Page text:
PROVO When the weather outside is frightful, many Provo residents find it delightful to toss a few snowballs.
According to a little-known snowball ordinance, however, chucking Frosty around Provo isn't as innocent as it seems. In fact, an old-fashioned snowball fight could break the law.
"I don't think that many people know that when they pick up a snowball they are acting illegally," said Utah Valley State College student Jim McCloskey
McCloskey, originally from Maryland, said that he learned about the anti-snowball legislation two years ago when a police officer stopped a snowball fight he and his friends had started.
Although all parties involved had consented to the fight each had stockpiled their own arsenal of snow, if that counts McCloskey said the officer instructed them to put down their "projectiles" or he would arrest them.
Based on city code, the officer did the lawful thing. According to Provo city ordinance 9-14-101, "every person who shall . . . throw stock, stick, snowball or other missile whereby any person shall be hit . . . is guilty of a misdemeanor."
McCloskey asks how a snowball could be mentioned alongside missiles in the city ordinance book. He doesn't see anything dangerous about a snowball fight, even when the assailant is a good throw.
"Do the Provo police have nothing else to worry about?" asked Matt Lindstrom, who pitches a 92-mile-per-hour fastball for the Brooklyn Cyclones an A-team that feeds into the New York Mets.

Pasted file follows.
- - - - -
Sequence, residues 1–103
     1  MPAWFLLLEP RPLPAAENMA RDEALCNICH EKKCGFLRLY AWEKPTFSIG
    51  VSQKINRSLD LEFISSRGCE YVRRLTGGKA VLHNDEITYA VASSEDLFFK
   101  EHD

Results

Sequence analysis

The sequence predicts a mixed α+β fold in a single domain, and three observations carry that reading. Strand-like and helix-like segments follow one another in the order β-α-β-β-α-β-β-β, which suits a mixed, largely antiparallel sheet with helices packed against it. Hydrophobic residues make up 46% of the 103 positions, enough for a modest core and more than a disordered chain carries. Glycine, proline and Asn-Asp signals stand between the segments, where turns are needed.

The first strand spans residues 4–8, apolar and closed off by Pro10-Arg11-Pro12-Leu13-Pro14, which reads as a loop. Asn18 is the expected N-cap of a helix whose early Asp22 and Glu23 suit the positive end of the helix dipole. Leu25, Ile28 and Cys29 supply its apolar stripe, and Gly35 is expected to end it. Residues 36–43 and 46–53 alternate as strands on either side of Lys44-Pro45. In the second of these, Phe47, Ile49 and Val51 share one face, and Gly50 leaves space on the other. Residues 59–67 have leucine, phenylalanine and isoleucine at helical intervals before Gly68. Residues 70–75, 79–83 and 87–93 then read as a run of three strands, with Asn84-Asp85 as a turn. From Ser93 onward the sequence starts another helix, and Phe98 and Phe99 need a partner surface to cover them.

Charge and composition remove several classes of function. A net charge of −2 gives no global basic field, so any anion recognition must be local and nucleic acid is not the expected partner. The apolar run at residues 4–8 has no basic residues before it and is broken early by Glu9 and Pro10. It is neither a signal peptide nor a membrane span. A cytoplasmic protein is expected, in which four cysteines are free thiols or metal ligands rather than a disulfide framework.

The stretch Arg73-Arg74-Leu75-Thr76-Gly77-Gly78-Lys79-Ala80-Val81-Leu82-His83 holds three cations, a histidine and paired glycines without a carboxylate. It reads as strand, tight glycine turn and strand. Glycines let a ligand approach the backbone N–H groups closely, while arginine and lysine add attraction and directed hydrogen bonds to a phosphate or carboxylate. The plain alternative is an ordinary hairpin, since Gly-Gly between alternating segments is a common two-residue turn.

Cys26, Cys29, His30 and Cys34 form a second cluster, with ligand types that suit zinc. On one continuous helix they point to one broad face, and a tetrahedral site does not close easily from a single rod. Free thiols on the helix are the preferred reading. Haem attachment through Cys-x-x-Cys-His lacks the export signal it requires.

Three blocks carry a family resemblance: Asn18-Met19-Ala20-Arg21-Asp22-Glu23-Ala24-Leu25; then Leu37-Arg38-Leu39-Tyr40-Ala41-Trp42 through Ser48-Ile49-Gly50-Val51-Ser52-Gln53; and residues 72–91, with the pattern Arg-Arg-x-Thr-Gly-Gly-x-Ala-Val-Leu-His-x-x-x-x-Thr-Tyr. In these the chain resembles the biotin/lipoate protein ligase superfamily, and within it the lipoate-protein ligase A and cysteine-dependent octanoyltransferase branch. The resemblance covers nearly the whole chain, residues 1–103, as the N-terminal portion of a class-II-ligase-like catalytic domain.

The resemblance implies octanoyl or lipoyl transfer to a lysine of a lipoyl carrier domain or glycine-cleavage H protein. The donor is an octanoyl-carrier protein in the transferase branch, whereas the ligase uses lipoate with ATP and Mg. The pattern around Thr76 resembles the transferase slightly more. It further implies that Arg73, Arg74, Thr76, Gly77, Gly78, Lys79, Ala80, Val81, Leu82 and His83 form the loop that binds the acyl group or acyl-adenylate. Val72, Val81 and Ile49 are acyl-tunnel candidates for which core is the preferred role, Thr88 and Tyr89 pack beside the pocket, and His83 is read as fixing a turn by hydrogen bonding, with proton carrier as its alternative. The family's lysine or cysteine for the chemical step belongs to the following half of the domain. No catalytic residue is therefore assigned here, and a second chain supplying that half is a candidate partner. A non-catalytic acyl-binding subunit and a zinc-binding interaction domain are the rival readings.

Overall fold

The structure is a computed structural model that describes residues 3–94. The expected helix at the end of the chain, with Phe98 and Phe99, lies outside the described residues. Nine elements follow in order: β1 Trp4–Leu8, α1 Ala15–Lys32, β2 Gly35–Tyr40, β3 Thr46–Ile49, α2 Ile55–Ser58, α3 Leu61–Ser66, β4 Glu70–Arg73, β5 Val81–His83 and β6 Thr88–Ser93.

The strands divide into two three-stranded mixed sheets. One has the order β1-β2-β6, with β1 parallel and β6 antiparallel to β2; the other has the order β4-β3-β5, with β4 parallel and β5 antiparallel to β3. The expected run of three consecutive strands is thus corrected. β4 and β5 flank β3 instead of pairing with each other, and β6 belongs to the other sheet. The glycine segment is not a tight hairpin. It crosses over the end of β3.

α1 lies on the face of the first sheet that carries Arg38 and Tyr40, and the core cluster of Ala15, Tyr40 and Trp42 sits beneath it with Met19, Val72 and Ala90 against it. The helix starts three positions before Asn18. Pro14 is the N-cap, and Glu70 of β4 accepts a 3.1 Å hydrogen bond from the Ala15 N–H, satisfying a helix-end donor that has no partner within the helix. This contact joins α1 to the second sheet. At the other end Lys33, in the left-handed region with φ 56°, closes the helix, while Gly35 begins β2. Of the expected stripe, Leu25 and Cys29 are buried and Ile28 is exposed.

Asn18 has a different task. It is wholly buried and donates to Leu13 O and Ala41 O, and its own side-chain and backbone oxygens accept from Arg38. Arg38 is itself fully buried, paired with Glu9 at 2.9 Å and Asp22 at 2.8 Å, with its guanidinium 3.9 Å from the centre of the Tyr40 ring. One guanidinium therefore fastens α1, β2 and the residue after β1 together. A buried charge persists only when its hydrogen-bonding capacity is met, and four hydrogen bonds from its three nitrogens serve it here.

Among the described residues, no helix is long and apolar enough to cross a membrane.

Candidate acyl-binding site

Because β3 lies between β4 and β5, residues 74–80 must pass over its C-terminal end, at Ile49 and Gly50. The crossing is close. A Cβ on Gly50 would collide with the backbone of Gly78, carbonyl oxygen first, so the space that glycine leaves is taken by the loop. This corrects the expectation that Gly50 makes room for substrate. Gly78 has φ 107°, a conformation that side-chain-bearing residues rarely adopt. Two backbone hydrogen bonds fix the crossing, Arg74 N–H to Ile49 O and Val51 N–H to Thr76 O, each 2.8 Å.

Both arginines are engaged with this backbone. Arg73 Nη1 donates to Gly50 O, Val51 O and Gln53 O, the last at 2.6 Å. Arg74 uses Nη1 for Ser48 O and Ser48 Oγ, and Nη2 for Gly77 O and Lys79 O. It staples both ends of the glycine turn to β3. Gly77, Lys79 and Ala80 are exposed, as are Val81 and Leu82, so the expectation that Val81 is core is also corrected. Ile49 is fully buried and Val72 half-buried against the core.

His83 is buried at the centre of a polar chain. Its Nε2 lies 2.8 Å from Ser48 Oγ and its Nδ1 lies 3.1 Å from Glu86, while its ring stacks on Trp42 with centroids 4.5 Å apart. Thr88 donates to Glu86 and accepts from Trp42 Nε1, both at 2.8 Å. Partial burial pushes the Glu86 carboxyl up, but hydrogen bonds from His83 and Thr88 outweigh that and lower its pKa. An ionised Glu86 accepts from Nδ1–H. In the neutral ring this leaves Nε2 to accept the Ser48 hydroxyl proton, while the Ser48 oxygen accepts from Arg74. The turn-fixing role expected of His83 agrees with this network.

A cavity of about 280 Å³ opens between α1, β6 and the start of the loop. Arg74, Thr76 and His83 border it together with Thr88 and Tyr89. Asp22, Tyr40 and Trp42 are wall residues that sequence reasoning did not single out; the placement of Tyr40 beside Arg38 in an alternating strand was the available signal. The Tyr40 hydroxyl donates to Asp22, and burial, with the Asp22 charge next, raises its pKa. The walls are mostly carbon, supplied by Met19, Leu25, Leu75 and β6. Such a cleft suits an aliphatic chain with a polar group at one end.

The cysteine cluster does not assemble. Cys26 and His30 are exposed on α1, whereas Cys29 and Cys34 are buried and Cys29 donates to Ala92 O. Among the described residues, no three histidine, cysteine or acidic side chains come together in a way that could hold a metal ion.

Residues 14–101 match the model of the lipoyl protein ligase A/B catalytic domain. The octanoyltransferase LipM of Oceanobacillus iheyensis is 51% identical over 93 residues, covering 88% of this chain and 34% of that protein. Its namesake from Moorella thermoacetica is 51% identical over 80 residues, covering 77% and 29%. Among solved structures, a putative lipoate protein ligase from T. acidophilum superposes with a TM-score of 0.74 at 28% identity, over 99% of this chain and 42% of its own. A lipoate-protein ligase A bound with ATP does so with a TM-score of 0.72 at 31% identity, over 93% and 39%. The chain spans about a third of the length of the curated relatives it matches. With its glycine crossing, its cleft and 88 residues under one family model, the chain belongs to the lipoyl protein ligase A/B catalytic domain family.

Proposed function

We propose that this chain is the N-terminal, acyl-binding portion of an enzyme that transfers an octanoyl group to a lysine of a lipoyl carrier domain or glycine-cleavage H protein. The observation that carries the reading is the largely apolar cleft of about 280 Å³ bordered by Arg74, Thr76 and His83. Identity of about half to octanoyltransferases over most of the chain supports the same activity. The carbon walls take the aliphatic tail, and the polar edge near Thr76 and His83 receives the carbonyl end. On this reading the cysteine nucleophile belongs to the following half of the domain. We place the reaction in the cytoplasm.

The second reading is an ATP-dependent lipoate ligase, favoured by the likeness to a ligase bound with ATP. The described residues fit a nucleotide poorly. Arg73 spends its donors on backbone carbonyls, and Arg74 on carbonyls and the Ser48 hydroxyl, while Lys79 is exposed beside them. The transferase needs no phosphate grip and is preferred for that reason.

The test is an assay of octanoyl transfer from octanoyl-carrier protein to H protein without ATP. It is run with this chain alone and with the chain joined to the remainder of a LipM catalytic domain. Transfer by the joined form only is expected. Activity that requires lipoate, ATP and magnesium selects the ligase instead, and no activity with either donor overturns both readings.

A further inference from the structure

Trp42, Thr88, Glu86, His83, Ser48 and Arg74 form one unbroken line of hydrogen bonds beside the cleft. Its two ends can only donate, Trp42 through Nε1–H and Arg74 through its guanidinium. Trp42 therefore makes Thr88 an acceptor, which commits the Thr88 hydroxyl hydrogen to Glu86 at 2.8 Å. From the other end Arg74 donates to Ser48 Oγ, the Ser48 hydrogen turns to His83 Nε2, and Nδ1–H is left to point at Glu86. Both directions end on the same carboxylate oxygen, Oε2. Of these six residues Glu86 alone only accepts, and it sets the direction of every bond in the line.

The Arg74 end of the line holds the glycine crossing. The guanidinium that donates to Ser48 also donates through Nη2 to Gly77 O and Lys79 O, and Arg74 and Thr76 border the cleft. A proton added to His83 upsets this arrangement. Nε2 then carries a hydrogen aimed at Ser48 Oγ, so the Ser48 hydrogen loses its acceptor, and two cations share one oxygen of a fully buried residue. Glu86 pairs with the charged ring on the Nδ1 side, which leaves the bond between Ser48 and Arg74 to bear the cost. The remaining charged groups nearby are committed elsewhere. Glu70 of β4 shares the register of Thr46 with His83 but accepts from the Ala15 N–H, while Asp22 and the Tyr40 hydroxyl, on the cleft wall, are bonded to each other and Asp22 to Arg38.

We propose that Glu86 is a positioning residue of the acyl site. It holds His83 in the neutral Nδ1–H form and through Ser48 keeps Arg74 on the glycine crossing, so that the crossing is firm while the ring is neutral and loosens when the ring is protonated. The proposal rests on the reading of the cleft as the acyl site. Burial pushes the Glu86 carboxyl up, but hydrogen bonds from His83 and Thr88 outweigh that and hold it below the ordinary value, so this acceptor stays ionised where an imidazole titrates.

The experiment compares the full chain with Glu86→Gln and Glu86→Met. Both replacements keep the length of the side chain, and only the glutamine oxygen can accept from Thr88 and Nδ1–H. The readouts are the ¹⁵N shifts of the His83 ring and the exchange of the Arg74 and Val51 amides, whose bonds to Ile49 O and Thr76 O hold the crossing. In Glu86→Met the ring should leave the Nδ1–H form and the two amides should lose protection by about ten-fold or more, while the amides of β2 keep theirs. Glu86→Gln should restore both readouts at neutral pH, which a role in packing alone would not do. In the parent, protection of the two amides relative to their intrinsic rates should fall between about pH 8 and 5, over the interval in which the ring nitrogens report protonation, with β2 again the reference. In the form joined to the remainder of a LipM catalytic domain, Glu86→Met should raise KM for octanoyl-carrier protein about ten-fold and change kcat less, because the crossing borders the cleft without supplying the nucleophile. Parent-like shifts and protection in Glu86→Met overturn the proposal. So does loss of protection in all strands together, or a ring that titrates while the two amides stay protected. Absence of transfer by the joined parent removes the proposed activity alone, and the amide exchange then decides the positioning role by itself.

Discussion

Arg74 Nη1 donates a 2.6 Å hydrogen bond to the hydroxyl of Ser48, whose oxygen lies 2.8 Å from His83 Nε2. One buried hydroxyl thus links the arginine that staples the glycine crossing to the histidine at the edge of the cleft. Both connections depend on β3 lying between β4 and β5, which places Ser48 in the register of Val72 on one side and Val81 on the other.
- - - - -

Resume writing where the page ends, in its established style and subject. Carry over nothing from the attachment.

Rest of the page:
While Lindstrom admits his speedy snowballs can leave shiners, he said the Provo law is still ridiculous. After all, he remembers Christmases in Rexburg, Idaho, that centered on flurry family fights.
"It's all in good fun," Lindstrom said. "If you get hurt, it's your parents' fault, not the police's problem."
City spokesman Mike Mower said that the snowball ordinance is only meant for those who have naughty not nice intentions when they throw snowballs.
As long as the balls are tossed carefully, he said, there should be no legal repercussions and no policemen to stop fair fights.
"If it's a couple of roommates hucking snowballs, I don't think the police care," said Mower, who calls the law a "common sense ordinance."
"But if you pummel a sweet co-ed with a big, icy snowball well, that's not very nice," he explained. "And we've got laws to prevent against not very nice."
McCloskey thinks that's reasonable. And he wants to hold Provo officials to those words.
As part of a UVSC public speaking class, McCloskey started a letter writing campaign, asking that the snowball ordinance be rewritten to permit consensual snowball fights and harmless snowball exchanges.
"It's like a game of pick-up basketball," McCloskey said. "If two parties agree to throw snowballs, then it should be OK."
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While he doesn't have an exact count, McCloskey said that nearly 40 letters sent to the mayor's office this month echoed a similar sentiment: Snowballs aren't weapons.
Mower said he hadn't seen any of the letters but didn't think the ordinance needed any more specifics. Even with recent snowstorms, the spokesman said that snow isn't the city's biggest problem due to an ongoing drought.
"Our goal this year is just to have enough snow for this to be a real issue," he joked.